Darknet Drug Dealer Accused of Laundering $136M Worth of Bitcoin



Darknet Drug Dealer Accused of Laundering $136M Worth of Bitcoin

Darknet Drug Dealer Accused of Laundering $136M Worth of Bitcoin

The American authorities have accused the Baltimore resident – Ryan Farace – of laundering
2,933 BTC between October 2019 and April 2021. Interestingly, the man was sent to jail in 2018 and has presumably executed the criminal activities from behind bars.

‘Xanaxman’ Dealing with Bitcoin Even from Prison

According to The Baltimore Sun, officials of the state of Maryland had pressed charges against Ryan Farace – also know as “Xanaxman” – for laundering 2,933 BTC over the period of less than three years. As per today’s prices, this amount is more than $136 million.

The criminal and his father are currently serving a 57-month federal prison sentence for selling Alprazolam – a sedative to treat anxiety and panic disorders.

Farace operated on the notorious Dark Web, but the police caught him in 2018. As part of his sentence, back then, he had to forfeit $5.6 million that he generated out of his illicit activities. He also had to give away his crypto holdings of 4,000 BTC.

The investigators are still unaware whether the aforementioned 2,933 coins are part of the initial 4,000 BTC. They noted that Farace might have possessed even more digital assets that the government did not know about in the first place.

The 37-yeard-old convict sought compassionate release in 2020, citing bad health conditions and the COVID-19 pandemic. The officials, though, denied his request, and he remained in prison.

The Head of Bitcoin Fog Laundered $336 Million in Bitcoin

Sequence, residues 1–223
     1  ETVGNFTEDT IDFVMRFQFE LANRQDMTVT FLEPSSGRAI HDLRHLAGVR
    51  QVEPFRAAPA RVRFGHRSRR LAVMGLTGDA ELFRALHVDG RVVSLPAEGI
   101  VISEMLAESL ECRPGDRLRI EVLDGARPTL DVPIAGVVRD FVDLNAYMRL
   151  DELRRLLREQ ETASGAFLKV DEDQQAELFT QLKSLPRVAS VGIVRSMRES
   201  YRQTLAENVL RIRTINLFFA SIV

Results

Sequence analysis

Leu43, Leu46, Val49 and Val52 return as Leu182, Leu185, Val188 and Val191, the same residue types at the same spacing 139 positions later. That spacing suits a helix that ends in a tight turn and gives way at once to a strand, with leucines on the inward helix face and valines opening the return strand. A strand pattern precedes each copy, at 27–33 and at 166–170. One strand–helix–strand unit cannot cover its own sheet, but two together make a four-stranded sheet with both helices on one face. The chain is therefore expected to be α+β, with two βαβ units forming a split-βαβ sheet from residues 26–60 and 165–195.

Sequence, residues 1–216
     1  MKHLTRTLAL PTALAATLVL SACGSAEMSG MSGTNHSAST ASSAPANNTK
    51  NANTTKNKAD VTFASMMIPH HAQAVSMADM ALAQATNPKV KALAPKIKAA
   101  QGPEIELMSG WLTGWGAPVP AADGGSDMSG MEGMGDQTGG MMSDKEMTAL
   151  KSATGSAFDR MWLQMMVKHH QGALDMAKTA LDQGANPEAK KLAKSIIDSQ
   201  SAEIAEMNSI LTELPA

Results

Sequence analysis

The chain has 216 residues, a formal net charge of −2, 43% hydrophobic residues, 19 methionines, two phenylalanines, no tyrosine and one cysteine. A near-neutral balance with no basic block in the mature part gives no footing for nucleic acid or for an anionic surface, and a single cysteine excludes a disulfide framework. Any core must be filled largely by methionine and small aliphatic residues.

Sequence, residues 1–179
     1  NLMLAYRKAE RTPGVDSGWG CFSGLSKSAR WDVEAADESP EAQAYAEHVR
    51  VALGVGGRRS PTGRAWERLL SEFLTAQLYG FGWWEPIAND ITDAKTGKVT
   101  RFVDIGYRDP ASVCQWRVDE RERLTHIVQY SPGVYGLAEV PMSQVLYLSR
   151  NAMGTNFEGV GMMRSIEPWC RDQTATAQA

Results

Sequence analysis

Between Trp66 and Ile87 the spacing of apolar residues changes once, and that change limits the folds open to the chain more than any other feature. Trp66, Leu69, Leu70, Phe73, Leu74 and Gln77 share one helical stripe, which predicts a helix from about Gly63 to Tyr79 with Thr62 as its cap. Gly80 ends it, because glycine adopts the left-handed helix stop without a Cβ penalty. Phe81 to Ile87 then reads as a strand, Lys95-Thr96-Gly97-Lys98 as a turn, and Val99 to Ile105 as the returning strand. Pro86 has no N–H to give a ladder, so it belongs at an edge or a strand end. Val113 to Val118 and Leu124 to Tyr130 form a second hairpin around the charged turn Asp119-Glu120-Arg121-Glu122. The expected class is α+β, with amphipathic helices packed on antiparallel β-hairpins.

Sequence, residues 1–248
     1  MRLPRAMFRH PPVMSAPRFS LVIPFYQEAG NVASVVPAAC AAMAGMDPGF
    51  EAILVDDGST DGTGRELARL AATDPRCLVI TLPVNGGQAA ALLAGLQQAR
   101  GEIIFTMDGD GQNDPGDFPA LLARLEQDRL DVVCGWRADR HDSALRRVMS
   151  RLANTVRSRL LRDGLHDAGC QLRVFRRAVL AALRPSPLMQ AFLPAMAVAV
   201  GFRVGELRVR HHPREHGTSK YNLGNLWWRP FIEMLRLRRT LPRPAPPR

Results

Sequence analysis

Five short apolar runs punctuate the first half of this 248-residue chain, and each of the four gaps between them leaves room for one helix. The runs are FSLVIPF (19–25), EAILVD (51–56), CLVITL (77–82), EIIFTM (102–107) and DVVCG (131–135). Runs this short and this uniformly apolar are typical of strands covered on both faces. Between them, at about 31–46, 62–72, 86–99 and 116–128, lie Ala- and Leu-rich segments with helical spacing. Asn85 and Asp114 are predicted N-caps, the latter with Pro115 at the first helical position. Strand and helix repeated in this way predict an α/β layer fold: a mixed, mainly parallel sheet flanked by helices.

It’s worth noting that the aforementioned case is not an isolated incident. As CryptoPotato reported in April, the Federal Service in the USA arrested Roman Sterlingov – the leader of the notorious bitcoin anonymizer Bitcoin Fog – on suspicion of laundering nearly $336 million in the digital asset over the last 10 years.

The Russian-Swedish resident supposedly offered protection services to users who wanted to keep their crypto assets under maximum security. For this, he charged commissions ranging between 2% and 2.5%.

Per the IRS calculations, the perpetrator pocketed the funds and used them to establish Bitcoin Fog’s server. These actions raised concerns, and the following investigation revealed Sterlingov’s criminal operations over the last decade.

Sarah Meiklejohn – a computer scientist at the University College of London – praised this “follow the money” technique that the investigators used:

“With blockchain analytics, the thing we say over and over is that all this activity is on this ledger forever, and if you did something bad 10 years ago you can be caught and arrested for it today.”